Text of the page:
Valentine’s Day is filled with meaning for everyone who cares about love. Often, it’s our relationship status that dictates how we approach the holiday. Like me, your cynical side (maybe rational side?) probably speaks to you about how it’s all media hype; that somehow buying into it is being herded like sheep all the way to your Visa account.
Being single in this love-crazed mentality makes it difficult to feel anything other than disheartened, lonely, and even embarrassed. But being in the wrong relationship is much worse, and we can all be subject to the “grass is always greener” state of mind. So if you have found your way out of a bad marriage or relationship there is a lot to celebrate.
What we all really want is to be in a truly loving relationship--and that is not only possible, it’s probable if you do what it takes.
Who among us doesn’t feel incredibly special when we get flowers, jewelry, and other meaningful items from guys we date or are in relationships with? We feel loved, thought of, and cared about. Gifts and other gestures remind and reassure us that we’re worthy and special, something we often have a hard time doing for ourselves.
We’ve all been there. You meet a guy that you really like, the first couple of dates are great, and you can’t wait for that first kiss. But when it happens it’s awful (sometimes really, REALLY awful). But while you’re frustrated and disappointed, you’re not ready to give up on him yet. As a dating coach to women over 40, I have numerous happily coupled women who did exactly what I'm about to share with you.
in the early stages of getting to know someone new, while trying to get through sticky moments (i.e., he gives you a passionate hug and his unintentional body language gives away just how much he likes you!), it's tempting to give in to your fears and let someone who might have been your true love leave your universe.But, regardless of who you end up falling in love with, you won’t get there without a few misfires. So don't give up too quickly.
Not long ago I was talking to a divorced friend who told me how she and her dad were out walking and discussing the challenges of finding love after 50. My friend is generally pretty optimistic, but when it comes to dating she’s pretty skeptical about falling in love again.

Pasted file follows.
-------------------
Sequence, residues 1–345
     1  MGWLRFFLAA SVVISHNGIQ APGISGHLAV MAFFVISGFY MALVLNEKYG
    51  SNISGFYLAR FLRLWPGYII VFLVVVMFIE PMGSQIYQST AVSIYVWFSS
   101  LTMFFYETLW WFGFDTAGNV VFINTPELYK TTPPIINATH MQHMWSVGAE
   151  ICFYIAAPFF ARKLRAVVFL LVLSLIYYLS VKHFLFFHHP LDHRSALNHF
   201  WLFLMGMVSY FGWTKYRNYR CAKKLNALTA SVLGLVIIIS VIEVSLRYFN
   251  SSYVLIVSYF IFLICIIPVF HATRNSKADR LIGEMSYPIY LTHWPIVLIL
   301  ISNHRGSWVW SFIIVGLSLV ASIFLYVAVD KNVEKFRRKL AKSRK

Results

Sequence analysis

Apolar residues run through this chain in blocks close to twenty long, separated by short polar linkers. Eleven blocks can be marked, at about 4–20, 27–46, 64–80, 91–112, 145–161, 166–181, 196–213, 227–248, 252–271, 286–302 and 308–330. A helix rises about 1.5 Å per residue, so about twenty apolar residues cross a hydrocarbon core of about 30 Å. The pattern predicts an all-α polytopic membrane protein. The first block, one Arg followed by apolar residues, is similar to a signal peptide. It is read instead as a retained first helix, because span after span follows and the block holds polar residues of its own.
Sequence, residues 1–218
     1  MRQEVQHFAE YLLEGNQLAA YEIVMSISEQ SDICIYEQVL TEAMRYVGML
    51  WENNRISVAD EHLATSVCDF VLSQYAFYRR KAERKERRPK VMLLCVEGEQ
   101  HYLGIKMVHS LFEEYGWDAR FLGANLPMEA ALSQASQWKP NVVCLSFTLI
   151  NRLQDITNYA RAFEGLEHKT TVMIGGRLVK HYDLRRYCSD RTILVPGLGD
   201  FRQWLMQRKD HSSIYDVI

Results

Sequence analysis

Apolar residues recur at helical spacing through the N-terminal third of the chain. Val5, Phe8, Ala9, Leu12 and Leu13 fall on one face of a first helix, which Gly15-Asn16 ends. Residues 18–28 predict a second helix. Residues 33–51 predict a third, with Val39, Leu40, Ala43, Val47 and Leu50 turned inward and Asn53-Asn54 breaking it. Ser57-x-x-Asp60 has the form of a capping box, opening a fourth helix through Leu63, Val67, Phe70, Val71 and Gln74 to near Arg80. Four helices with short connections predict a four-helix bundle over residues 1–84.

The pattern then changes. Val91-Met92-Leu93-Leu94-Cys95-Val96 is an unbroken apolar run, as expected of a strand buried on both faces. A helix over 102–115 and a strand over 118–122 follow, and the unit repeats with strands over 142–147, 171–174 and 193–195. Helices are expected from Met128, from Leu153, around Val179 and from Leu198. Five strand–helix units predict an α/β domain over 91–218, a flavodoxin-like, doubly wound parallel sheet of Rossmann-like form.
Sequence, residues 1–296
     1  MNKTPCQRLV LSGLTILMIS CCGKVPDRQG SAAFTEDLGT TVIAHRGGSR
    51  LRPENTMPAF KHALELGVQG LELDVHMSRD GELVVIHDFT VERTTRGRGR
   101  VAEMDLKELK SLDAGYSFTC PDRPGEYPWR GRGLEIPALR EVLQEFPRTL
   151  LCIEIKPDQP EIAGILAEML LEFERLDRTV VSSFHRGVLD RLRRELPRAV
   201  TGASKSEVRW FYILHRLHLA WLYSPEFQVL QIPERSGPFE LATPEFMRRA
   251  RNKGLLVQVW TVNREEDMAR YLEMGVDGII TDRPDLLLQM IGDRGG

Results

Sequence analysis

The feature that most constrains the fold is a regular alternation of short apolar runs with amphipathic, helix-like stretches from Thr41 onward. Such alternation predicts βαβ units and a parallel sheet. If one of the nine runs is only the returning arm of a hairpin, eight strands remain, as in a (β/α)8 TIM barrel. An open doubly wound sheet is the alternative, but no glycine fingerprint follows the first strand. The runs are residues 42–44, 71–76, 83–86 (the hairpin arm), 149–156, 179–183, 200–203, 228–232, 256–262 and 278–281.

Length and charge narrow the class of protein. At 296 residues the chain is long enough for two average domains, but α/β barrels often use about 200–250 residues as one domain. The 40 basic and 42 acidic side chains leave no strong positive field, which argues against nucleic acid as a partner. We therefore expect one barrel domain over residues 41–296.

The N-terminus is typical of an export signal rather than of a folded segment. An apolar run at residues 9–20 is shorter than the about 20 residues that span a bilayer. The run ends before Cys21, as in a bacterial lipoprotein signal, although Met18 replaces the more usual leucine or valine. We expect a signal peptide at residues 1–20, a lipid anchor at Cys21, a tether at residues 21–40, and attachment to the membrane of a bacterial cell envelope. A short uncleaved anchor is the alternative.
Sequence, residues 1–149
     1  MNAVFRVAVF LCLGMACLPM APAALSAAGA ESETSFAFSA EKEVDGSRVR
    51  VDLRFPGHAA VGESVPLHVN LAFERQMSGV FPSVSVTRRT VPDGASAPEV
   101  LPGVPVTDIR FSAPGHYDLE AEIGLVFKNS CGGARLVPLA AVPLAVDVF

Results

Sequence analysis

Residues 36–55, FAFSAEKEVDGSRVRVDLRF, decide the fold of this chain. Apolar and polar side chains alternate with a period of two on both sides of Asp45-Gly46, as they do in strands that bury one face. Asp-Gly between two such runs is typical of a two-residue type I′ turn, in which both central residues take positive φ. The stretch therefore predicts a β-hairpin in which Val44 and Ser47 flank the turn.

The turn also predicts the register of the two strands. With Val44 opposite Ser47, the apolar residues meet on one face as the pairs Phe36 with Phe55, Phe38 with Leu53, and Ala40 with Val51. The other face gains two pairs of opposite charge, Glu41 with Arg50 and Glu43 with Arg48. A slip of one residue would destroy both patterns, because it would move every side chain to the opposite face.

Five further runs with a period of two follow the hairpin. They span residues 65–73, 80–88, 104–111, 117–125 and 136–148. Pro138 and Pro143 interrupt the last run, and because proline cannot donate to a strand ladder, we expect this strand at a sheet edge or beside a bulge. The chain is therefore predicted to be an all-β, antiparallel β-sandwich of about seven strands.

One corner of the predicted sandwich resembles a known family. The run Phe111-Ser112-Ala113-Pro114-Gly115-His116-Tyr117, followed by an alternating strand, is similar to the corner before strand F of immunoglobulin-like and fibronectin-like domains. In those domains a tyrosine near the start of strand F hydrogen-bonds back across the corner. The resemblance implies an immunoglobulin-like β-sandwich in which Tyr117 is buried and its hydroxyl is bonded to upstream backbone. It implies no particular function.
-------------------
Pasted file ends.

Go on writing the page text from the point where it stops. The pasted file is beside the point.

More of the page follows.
Everyone has a theory about why they are still single over 50. Challenging past relationships, poor role models and even too few fish in the proverbial dating pond top the answers that most of my clients give. Trying to flesh out the real culprit sends lots of people to the self-help aisle and many more to therapy.
But for a question like this, you don’t have to pay your shrink thousands of dollars if you can embrace one simple concept. The real reason why you’re single won’t be found in another person,it will be found inside of you.
Women often ask me why it’s so hard for them to find true love? As a therapist for many years (and more recently as a dating coach) I have observed that there are quantifiable differences between women who find true love easily versus those who struggle. The truth is the experience of being single isn’t hard for everyone. Some women embrace it, love it even. Yet others want desperately to change it. And it’s that desperation that causes them to feel frustrated, critical and pessimistic.
The good news is that you don’t have to stay this way. The “secret” about how to find true love is inside of you. It all starts in your head. What you think about always seems to follow it’s way around to your heart. In other words, what you think about will manifest itself in how you feel. Change your thinking and your feelings will follow.
A single woman’s dating life is full of opportunities to meet Mr. Right. Unfortunately, all too many women miss out on great men because they have said yes to the wrong ones. Why do we do this? Are women hard-wired to struggle with setting limits? Are you overly worried about being liked, popular or kind? If your attention is spent on trying to please others, how can your needs and desires ever make the list?
Codependency notwithstanding, it’s not always easy to speak up for yourself, but it is incredibly important. Learning to say no is a life skill we all must master if we want to be happy.